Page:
"Captain, my legs are sore!"
"Quit whining soldier, we still have 500 more miles to go! NOW HOP TO IT!!"

   Eventually, after a lot of huffing and puffing and hiking, we finally saw the first signs of human habitation. There was a man-made cave, with the bare earth showing. It was blocked though, by a door. No entry, I guess. A little further along the path and we found another cave. But this one didn't lead anywhere, and it was pretty small. Dad said it was a charcoal kiln.
Next to the little cave. I guess the sign's self-explanatory, huh?

  Our hopes a little more lighter, we finally reached upon proper signs of a settlement- we found a place where the communists would've burn charcoal. To our right and a little fenced off hut. No paths leading down there, but from what I could see, I assumed it was where they would split wood.

  A few more steps, and HALLELUJAH! We've arrived at the doorstep. There was a sentry's post, where a guard would've sat there, watching for trouble. The last few steps and we were at a clearing. Finally, the hideout!
"At ease, soldier!"

  The clearing was covered with a zinc roof, and there were some seats set up in front of a row of displayed items, such as storage bins and places where they would've cooked their meals. A map of the area was next to the tunnel entrance. And old lady, who was an ex-communist, was telling of how she and the other guerrilla members would have to take grading exams on first-aids, fighting skills, building skills, propaganda, and most of all, the understanding of their communist ideology.

An enthusiastic storyteller...

...and her captive audience. Well, some of it.

  Now for the tunnels themselves. There are 9-12 entrances and exits, and the tunnels stretched very, very far. This place was originally used to store supplies. The tunnels were about my dad's height- a little taller and your head would've brushed against the ceiling. And it was dark. Oh yes, dark. Even with these little lights lighting your way. The earthen floor dipped and rose a little, but it was mostly polished smooth by the hundreds of feet that walked around here. Here and there along the walls were dug-out hollows, used as seats or for sleeping. Comfy, no? And did I mention there were bats? I was scared stiff of them, despite them probably more terrified of me. Along one of the tunnels, we found a small room that presumably was once a communications center, with radio and whatnot. Oh yeah, we also saw a stretch of the original tunnel, which was even worse than the one we were in.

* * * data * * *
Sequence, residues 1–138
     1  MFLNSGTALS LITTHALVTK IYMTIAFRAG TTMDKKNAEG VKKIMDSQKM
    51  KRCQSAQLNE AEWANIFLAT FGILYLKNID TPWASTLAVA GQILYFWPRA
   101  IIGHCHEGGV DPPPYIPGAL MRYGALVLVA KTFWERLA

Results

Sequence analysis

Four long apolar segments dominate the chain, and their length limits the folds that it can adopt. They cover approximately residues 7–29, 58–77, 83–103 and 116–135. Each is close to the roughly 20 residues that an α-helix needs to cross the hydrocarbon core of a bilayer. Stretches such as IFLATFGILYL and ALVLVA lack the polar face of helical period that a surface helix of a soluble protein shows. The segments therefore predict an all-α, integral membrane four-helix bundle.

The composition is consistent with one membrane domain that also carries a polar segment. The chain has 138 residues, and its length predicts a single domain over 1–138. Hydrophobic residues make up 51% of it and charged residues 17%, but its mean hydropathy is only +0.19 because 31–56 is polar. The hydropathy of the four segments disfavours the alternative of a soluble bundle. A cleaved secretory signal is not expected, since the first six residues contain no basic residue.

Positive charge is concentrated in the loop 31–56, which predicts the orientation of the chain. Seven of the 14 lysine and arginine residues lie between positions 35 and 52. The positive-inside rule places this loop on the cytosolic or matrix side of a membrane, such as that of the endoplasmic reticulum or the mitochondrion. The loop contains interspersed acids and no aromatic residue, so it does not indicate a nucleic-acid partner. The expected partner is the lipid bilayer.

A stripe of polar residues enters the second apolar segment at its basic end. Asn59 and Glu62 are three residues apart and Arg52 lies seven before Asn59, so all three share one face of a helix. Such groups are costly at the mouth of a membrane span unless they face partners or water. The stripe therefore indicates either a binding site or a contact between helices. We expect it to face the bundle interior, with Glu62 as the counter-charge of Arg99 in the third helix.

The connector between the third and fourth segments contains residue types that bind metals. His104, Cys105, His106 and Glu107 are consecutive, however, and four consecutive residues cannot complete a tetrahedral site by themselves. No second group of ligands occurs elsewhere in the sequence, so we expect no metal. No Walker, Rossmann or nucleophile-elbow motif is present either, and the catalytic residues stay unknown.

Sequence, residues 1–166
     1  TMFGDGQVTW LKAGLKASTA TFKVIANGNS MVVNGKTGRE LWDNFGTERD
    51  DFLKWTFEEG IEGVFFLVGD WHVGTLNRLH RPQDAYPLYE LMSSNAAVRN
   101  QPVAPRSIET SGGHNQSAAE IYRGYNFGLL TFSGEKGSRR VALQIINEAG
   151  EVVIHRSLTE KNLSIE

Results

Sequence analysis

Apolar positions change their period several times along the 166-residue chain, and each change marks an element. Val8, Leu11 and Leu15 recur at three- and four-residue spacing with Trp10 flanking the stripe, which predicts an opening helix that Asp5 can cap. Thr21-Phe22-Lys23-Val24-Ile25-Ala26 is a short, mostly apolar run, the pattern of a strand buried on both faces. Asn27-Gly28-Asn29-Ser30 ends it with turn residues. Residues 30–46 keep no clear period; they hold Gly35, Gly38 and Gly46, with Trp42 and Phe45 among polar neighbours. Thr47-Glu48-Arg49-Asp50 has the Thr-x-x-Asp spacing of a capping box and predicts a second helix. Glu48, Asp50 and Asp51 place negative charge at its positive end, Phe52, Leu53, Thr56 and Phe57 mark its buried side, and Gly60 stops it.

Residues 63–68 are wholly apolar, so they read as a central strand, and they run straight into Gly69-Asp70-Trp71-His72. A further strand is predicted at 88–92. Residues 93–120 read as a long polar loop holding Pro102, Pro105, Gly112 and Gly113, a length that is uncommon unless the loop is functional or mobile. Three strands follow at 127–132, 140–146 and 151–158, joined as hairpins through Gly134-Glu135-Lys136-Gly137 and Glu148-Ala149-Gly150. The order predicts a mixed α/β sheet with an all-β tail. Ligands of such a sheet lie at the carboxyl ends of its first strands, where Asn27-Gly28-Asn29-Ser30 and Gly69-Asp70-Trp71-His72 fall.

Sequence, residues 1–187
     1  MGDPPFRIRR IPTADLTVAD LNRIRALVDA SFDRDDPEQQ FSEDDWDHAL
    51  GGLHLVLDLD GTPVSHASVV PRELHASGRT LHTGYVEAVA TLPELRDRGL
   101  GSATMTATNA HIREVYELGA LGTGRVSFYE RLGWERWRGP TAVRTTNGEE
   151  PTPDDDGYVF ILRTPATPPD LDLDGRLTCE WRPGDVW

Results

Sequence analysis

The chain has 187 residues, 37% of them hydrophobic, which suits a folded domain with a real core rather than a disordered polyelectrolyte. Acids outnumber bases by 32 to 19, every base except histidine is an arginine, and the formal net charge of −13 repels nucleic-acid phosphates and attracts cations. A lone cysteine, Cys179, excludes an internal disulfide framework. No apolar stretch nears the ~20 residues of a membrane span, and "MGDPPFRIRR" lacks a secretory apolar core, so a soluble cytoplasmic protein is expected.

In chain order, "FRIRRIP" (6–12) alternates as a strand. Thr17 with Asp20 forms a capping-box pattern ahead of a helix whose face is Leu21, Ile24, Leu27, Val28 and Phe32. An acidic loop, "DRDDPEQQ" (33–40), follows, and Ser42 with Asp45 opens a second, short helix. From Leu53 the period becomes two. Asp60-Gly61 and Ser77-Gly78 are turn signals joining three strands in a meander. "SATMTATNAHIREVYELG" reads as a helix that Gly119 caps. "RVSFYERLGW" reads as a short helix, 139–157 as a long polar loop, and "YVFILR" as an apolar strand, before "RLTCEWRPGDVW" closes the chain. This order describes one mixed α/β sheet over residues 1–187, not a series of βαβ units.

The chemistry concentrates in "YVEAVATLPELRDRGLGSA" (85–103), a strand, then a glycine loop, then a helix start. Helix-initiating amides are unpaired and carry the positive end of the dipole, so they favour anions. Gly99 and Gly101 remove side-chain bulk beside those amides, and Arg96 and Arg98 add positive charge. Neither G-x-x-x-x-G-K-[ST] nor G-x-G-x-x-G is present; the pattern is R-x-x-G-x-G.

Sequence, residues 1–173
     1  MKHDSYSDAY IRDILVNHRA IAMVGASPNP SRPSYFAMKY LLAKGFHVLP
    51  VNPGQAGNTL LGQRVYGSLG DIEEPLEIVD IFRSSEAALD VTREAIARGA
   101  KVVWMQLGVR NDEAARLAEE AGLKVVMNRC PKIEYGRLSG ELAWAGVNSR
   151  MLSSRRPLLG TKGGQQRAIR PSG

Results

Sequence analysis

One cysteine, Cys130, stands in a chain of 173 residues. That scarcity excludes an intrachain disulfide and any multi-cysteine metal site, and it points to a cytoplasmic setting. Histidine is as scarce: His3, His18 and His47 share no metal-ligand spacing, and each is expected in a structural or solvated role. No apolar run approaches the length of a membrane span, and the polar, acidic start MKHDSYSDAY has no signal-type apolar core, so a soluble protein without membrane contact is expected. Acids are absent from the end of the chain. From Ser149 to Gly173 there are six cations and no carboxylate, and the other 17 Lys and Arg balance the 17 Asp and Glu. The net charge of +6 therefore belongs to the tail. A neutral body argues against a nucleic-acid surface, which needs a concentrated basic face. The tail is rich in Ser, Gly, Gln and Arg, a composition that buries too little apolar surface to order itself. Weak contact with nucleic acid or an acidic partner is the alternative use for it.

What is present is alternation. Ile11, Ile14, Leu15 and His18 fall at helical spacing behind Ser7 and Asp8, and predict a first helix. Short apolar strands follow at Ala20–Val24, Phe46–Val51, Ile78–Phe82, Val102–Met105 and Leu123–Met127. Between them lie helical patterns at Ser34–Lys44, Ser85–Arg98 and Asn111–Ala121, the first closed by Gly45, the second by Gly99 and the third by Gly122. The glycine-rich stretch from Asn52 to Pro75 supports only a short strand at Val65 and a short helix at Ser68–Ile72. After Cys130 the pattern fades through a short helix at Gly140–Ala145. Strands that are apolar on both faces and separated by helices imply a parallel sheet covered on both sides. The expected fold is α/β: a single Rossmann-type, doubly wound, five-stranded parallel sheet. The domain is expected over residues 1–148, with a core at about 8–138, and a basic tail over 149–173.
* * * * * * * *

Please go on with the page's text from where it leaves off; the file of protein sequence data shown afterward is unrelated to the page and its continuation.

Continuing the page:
Definitely claustrophobic. And it's worse in person. trunk. For grains.

" 'Scuse me sir, but I'd like ta place an order..."

  Here's a little surprise- despite the lack of ventilation shafts, the air was fresh. A little heavy, but fresh. You could even feel a little cold with the breezes swirling around. Dad explained to my siblings and I that the communists had good knowledge of topography and wind directions, and thus they tunneled it out in such a way you don't need ventilation shafts. In fact, the closest thing to a ventilation shaft we came across was a delivery tunnel for larger items from above. It was even complete with a rough, old-fashioned wooden pulley!

It really is quite fun to turn the log thingy.
   Outside the tunnel, there was clearing next to a building with exhibits in it. The clearing was once used for drills and marriage ceremonies, judging by the cheerful-looking piece of cardboard a little up a bunch of steps. What astonished me was that, despite being so deep in the jungle, they were surprisingly self-sufficient. Dentists' equipment, printing presses, welding machines, communication radios, prosthetics, books, magazines, newspapers, guns, threshing machines, mine detectors, musical instruments, storage items, surgery tools, operation rooms... heck you name it, they most likely would've had it! These guys definitely knew their business, though I don't think I like the sleeping quarters, which were basically raised wooden shelves with zinc roofs.

Outside the exhibition hall. Sorry guys, no photos allowed inside.

  Our visit was cut short by the arrival of... RAIN! Yes, rain. It's why they call it a rainforest. So we started running back. Hooray for downhill paths! Makes our lives faster and easier. But, the funny thing was, once we were under the trees, there was almost no rain! The only signs of rain was the clear little stream we crossed earlier was now muddy. Oh and the occasional rain-drop that announced its presence on my head. In fact, the sound of rain itself was muffled, and only revealed itself when we neared the exit/entrance. The moment we stepped out of the covering, BROOMF!! Soaked. I had to take this moment to remind Dad of the fact he himself had chose not to bring umbrellas along, despite saying aloud that if we bring, it won't rain and if we didn't bring'em, it'll rain. Result- five wet people cramming into the taxi. What an experience!

Now for some random pictures-
"Hiya down there!" The gal in the pink shirt is my younger sister.

EEK!! A GHOST!! Oh wait it's just you...

I dunno what this is...

Some pots and pans on their stoves for display.

Oh look! A sign!
  Looking back, I don't think I would've wanted to live like that for an ideology. But you have to admire how far the communists had gone, despite failing in the end. Maybe we can learn a little from the communists, like their strong characters. Well, I'm done. =D

*Signing off now! Byeeee!!*